KURT Tippett remains determined to clear his name at Friday’s AFL Commission hearing, but his former club Adelaide will not contest the draft tampering and salary cap accusations levelled at it.
Tippett has received AFL permission to delist himself from the Crows and place himself in the pre-season draft, but the 25-year-old cannot nominate any financial terms until after Friday’s hearing.
Tippett, who is facing a fine, suspension and possible deregistration, has been offered a $3.55 million, four-year deal to join Sydney and is likely to find his way to the Swans, with the hefty price tag set to deter Greater Western Sydney.
Adelaide chairman Rob Chapman last night confirmed that after strong recent discussions with the AFL through each parties’ lawyers, the Crows were ”contrite” and keen to move on as soon as possible after the hearing.
Adelaide gave up its first two choices in last week’s national draft as a ”goodwill gesture” ahead of the hearing, but is still expected to be heavily punished for the agreement it struck with Tippett when recontracting him in 2009.
Chief executive Steven Trigg, football manager Phil Harper and former football manager John Reid are also planning to plead guilty to all charges.
Harper is facing one charge of breaching salary cap rules, while Trigg, Reid and the club are facing two charges of breaching both salary cap and draft rules.
”We’ve had some engaging discussions with the AFL, we’re contrite and I care about upholding the integrity of the competition as much as anyone,” Chapman said.
”What I want now is to get the right overall outcome for our club. I can’t afford to take chances that could harm my club more than it needs to be harmed.
”We’re ready to face up to it on Friday, minimise the risk to the club and get the best outcome possible because we know that the integrity of the competition is paramount.”
Tippett’s removal from the club’s list means Adelaide will be able to reclaim midfielder Nick Joyce at the pre-season draft on December 11.
Joyce was delisted ahead of last week’s national draft, with the club told by the AFL that it was not able to move Tippett off its list pending the commission hearing.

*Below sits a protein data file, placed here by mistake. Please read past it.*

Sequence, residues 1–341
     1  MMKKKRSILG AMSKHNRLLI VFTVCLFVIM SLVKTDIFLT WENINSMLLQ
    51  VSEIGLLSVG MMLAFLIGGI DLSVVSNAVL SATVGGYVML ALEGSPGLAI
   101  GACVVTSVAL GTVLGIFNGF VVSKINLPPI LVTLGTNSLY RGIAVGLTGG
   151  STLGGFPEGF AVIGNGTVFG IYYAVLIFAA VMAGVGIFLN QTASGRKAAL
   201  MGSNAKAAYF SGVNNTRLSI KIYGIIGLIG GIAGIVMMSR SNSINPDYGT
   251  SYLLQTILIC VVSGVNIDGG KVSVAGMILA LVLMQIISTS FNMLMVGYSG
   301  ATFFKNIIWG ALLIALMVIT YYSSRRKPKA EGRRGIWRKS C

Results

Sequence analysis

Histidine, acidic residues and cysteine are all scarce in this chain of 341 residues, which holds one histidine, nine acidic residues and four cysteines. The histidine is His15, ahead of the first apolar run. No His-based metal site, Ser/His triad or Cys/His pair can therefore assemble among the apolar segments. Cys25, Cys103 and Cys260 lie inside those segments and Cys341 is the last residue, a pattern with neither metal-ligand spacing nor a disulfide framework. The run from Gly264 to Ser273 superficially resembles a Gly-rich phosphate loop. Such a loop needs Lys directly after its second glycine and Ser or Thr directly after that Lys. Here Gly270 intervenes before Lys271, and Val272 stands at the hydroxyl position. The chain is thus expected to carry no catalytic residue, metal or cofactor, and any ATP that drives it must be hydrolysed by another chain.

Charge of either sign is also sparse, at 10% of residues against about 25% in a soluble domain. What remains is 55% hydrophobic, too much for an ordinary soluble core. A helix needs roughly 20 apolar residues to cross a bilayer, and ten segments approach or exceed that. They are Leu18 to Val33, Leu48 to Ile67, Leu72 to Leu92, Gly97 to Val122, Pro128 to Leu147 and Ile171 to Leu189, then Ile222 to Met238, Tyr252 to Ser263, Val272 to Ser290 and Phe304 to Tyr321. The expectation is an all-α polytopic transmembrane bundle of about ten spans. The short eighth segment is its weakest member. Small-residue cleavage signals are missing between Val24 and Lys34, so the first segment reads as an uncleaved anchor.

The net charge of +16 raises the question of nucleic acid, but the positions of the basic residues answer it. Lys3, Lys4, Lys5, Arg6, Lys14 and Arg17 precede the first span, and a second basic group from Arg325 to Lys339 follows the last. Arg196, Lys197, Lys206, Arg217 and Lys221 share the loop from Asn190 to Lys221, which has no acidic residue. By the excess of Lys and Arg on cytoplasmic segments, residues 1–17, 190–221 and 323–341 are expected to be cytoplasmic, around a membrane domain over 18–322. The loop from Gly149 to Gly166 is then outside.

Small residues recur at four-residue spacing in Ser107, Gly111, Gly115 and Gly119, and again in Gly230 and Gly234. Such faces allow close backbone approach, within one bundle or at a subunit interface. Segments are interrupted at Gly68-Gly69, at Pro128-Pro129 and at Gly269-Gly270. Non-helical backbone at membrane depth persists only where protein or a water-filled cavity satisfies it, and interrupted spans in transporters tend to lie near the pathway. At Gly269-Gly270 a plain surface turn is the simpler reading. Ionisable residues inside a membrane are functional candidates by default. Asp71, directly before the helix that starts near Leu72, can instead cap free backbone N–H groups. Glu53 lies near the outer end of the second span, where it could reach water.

Because Tippett delisted himself, he was not eligible to sign directly with Sydney as a delisted free agent by yesterday’s deadline.
While the Giants have sufficient space in their salary cap to take Tippett, they are reluctant to pay the vast contract that their cross-town rival has agreed to hand Tippett if, as expected, he joins the Swans via the pre-season draft.
The Giants have first pick in that draft for uncontracted and delisted players and in the highly likely event that they pass on Tippett, they have indicated they will re-draft ruckman Dean Brogan, who was dropped off the senior list with the proviso that he would return if/when Tippett is not selected by Greater Western Sydney.
Both Brisbane and Gold Coast have ruled out Tippett after he nominated Sydney as his preferred club, before the scandal of Adelaide’s unauthorised payments was disclosed in this newspaper in the final week of the trade period.
GWS had said it was interested in drafting Tippett earlier this month, but the club’s interest waned after learning his huge asking price, which the Swans have agreed to meet.
Tippett also refused to meet with GWS or the Lions – echoing the tactic used successfully by Luke Ball when he left St Kilda, entered the national draft with a hefty price on his head and still got to Collingwood at pick No. 30.
Sydney has agreed to pay Tippett $3.55 million over four years, with a trigger clause that would earn him a further two years on $975,000 in 2017 and 2018.
He needs to play at least 20 games in each of the first four years to earn the extra two seasons.
While the Giants have the room to accommodate Tippett, even on those figures, they recognise that such a hefty and long-term contract could create potential problems in future years, when their legion of highly talented youngsters are being pursued by other clubs.
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